The "Designated Felon"

by  David Carlson, President & CEO 2. January 2013

 

Should a major compliance failure occur that leads to criminal charges, who will bear the blame and accept the consequences? 

Who is your company’s ‘designated felon?’ 

Compliance content providers have often joked about this question as a way of getting the attention of the possible customers even though it was an  uncomfortable question to ask.

Certainly many companies were unprepared to answer; joking or not.

Unfortunately, a global oil company was recently forced to answer, the result of a drilling platform disaster that resulted in multiple deaths and massive damage.

The company and the U.S. recently arrived at a settlement that included a payment in the billions of dollars and a guilty plea to misdemeanor charges for two of the company’s employees.  Both employees will serve time in federal prison.

Knowing who would be blamed should a company compliance disaster occur makes just such a scenario a real possibility, and gets employees to operate accordingly. 

If you’re the company’s ‘designated felon,’ wouldn’t you work that much harder to keep this question in merely “hypothetical” status?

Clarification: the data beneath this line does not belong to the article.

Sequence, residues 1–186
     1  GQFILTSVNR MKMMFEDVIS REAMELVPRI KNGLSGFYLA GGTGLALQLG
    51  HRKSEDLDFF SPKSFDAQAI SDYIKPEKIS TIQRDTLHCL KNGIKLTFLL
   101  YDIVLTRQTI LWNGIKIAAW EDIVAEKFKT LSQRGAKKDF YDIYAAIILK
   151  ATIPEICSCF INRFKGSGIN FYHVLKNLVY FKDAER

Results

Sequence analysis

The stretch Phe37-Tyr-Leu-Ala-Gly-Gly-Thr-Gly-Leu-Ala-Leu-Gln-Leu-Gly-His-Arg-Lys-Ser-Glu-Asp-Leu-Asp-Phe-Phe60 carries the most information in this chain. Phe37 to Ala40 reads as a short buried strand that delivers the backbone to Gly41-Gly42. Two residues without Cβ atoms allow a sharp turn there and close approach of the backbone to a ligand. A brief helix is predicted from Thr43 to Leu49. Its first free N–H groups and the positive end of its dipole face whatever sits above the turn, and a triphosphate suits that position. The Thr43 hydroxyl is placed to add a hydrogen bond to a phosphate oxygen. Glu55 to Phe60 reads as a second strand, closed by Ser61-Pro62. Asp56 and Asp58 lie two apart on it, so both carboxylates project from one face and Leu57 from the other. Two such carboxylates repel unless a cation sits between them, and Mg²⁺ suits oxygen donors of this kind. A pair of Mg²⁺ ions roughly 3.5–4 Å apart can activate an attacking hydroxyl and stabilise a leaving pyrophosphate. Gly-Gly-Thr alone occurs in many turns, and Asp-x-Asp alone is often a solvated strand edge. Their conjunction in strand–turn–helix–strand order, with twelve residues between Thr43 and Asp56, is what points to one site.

This requires a plan for monitoring and assessing EHS regulations, i.e. operational risk management and regulatory compliance software.

When some organizations are asked about their plans, they admit privately that they do not have any and are prepared to accept whatever fines and sanctions may occur.

This approach is not only unsafe; it’s unsustainable and would not withstand public scrutiny.  This secretive tactic would certainly increase both the penalties and public outrage should violations be detected.

Any organization not addressing the monumental issues surrounding its compliance responsibilities is at greater risk each day.

And the lesson is a harsh one, as at least two of the former employees  of the global oil company can attest.

It is important to know within the company who would be implicated should a compliance failure occur, and to have a system in place to remain compliant.

The threat of repercussions from non-compliance is a powerful motivator to create a plan to be compliant. 

So, who is your “designated felon,” and what is your plan to maintain regulatory compliance? 

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